Review: Golden Sun: Dark Dawn


Saving the world is a tough gig. Not only do you usually have to travel far and wide, collecting magic trinkets and companions, you also have to do it while dodging ever-more-menacing monsters. Saving the day is even trickier in Golden Sun: Dark Dawn (DS), however, because in addition to the other challenges you must face, you have to listen to the citizens of Weyard’s endless yammering. Everyone, it seems, has an opinion about you, your mission, and your parents, and they are damn sure going to share it with you. At length.

The game picks up 30 years after the adventures of your parents in the first two games of the series. Whether they saved the world or ruined it is still a subject of much debate as you and your magic-wielding Adept pals venture forth to take on your own epic quest. Strange vortexes have begun to appear across the land, sucking up the elemental energy known as psynergy and threatening the kind of chaos and destruction that heroes such as yourself were born to fight. Your adventure will take you from one city to the next, where you’ll have to perform some Dreadfully Important Task – which inevitably includes besting many monsters in battle – before being able to move on to the next location. The format is well-worn, but also well suited to Dark Dawn‘s portable status; nobody wants to spend half their commute accidentally trekking off in the wrong direction.

Dark Dawn is chock full of standard RPG gear like maces, boots, and swords, but the real star of the show are the djinn, magical creatures that help you tap into your psynergy, the magical energy that permeates the world. Some djinn will join you willingly, but you’ll have to beat others in a fight before they agree to tag along. Each djinn specializes not only in a particular element, but also a certain kind of magic. One water djinn might provide healing spells while another bolsters offensive abilities; adepts favor a particular element – your character is in tune with Earth magic – but can mix and match their equipped djinn to access spells outside their specialty. Adding a particular kind of djinn might grant you new spells but remove others, and djinn must be distributed as evenly as possible amongst your party. It’s an ingenious system that allows for a great deal of customization but forces to you give a little to get a little.

The real fun of collecting djinn is using them in fights to summon enormous creatures that can do truly absurd amount of damage. One single earth djinn might be able to make a decent dent in an enemy, but two combined can summon Ramses, three can summon Gaia, and so forth – the more djinn you use to summon a creature, the more powerful that creature is. As with equipping djinn, this power comes with a cost – djinn must be in “standby” mode before they can summon anything, which effectively puts them on the sidelines, unable to do anything other than watch.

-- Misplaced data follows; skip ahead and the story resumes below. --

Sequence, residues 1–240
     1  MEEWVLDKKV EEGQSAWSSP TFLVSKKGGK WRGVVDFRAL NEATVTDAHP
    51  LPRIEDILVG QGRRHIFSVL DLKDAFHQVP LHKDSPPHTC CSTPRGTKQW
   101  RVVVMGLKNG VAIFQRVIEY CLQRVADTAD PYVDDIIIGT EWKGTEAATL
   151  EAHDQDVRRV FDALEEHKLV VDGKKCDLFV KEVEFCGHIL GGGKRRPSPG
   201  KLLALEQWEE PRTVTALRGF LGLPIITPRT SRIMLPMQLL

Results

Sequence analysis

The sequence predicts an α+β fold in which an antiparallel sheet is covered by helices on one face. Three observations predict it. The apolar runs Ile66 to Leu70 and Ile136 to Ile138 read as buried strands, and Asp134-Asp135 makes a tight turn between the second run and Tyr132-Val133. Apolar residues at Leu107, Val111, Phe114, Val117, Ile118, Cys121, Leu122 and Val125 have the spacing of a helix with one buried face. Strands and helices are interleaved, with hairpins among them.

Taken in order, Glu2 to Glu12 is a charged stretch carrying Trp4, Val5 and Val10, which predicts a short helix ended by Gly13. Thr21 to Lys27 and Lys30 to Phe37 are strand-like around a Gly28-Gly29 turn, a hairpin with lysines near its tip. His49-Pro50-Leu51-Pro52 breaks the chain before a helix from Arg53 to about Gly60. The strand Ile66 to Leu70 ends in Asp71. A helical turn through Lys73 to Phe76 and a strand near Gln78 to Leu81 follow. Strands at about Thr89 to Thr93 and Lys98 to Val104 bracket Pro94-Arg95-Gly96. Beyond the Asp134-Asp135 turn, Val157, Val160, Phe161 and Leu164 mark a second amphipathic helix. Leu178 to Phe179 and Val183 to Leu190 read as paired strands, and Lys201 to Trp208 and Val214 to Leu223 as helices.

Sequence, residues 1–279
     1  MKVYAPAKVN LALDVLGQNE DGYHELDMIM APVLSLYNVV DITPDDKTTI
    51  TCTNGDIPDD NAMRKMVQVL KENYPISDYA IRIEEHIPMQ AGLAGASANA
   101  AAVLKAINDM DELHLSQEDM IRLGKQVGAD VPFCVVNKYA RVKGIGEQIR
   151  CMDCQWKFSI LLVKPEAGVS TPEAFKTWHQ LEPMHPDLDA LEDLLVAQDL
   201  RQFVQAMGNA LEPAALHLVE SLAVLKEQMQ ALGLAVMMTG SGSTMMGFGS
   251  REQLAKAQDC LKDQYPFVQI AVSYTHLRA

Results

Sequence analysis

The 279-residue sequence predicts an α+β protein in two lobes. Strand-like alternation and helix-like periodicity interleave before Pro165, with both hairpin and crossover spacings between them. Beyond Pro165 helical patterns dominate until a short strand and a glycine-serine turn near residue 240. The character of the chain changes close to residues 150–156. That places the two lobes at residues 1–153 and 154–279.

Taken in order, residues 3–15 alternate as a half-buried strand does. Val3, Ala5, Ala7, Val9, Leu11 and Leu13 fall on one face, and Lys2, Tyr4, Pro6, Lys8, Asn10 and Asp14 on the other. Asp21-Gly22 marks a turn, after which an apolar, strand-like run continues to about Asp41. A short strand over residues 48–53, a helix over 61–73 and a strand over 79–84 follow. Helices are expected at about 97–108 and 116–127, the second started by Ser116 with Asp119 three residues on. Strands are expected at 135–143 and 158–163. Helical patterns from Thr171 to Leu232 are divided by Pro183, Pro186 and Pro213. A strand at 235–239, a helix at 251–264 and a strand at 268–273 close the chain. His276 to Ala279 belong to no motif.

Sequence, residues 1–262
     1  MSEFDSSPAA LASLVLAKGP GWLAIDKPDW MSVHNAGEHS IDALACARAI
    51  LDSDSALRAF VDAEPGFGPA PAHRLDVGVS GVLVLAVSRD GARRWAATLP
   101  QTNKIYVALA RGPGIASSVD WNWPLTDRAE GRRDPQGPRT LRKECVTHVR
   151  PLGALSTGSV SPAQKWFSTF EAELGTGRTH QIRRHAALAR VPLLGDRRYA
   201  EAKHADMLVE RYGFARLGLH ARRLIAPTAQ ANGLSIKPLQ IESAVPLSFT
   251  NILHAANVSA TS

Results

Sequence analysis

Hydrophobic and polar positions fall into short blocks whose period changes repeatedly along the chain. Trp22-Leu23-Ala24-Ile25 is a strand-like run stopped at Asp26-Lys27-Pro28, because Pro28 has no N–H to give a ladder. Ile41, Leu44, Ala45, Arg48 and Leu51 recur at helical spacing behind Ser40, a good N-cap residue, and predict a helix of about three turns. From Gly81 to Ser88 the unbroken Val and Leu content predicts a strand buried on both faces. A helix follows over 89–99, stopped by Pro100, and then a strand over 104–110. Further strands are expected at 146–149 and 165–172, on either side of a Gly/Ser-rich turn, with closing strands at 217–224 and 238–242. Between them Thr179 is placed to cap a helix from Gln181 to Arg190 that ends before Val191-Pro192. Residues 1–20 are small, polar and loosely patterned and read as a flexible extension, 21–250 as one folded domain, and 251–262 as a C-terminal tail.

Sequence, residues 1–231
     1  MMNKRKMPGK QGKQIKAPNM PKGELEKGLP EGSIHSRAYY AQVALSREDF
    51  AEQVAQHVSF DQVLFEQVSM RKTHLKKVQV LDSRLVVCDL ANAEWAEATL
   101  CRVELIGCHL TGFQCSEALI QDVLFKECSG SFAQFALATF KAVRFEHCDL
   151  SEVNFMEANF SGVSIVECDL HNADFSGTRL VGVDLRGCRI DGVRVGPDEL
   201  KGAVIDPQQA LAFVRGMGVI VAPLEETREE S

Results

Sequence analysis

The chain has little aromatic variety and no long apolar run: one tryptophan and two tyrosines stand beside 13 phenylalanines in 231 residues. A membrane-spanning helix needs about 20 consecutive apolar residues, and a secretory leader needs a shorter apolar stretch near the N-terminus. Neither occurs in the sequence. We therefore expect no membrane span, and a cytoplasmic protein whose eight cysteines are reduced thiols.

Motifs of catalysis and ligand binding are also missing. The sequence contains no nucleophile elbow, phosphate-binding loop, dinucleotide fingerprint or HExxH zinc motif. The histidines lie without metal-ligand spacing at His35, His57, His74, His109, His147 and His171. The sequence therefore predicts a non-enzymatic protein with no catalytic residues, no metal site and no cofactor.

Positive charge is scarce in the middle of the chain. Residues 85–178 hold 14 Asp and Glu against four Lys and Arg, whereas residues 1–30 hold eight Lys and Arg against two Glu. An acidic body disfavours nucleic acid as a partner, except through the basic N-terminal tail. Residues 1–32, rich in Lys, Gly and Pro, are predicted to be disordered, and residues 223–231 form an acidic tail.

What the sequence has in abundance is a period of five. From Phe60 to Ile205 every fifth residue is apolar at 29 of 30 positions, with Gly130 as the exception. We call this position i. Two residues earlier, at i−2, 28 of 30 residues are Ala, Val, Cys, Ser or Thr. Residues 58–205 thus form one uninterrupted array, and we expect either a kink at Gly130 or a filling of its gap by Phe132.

Catching all those djinn will require a bit of dedication on your part. Though some pretty much fall into your lap, most require at least a bit of psynergy-flinging to solve the environmental puzzles that stand between you and them. As satisfying as nabbing the magical creatures is, it does take much of the risk out of the combat. Assuming you put any effort at all into collecting djinn, you’ll be pretty overpowered pretty quickly, coming out of battles with little more than a scraped knee. The cash you amass from ignoring or selling healing items means you can outfit your crew with the best gear at every new town you encounter with very little extraneous grinding.

The relative toothlessness of the fighting would be more palatable if the bits in between were less aggravating. RPGs with a lot of story are a good thing, but Dark Dawn doesn’t have a lot of story so much as it has a lot of different ways of telling the same story. You and your party have to go collect a special gem from a nearby cave system – ok, no problem, let’s go! The gem grants special powers. Yes, got it, move out! The powers of the gem are important. You’ll need them to continue on your way. And so on, and so on, and so on. No subject is too small to discuss at great length and in great detail – so great, in fact, that the game has a built-in encyclopedia. If the writing was better, then perhaps the excessive exposition wouldn’t be tiresome, but as it stands, I’ve contemplated calling down Ragnarok on more than one NPC I’ve met.

Bottom Line: Golden Sun: Dark Dawn has plenty of great spells, enjoyable environmental puzzles, and enemies whose heads desperately need caving in. The magical djinn are its only remarkable feature, but unfortunately turn the combat into child’s play. Dark Dawn is a perfectly serviceable JRPG, and fans of the two previous Golden Sun titles will undoubtedly enjoy it. But it could be far, far better.

Recommendation: If you’re looking for a cheerful, brightly colored portable JRPG, Dark Dawn fits the bill. It’s not particularly memorable, but it certainly has its charms.


This review is based on the DS version of the game.

What our review scores mean.

Game: Golden Sun: Dark Dawn
Genre: RPG
Developer:Camelot Software
Publisher: Nintendo
Release Date: November 29th, 2010
Platform: DS
Available from: Amazon

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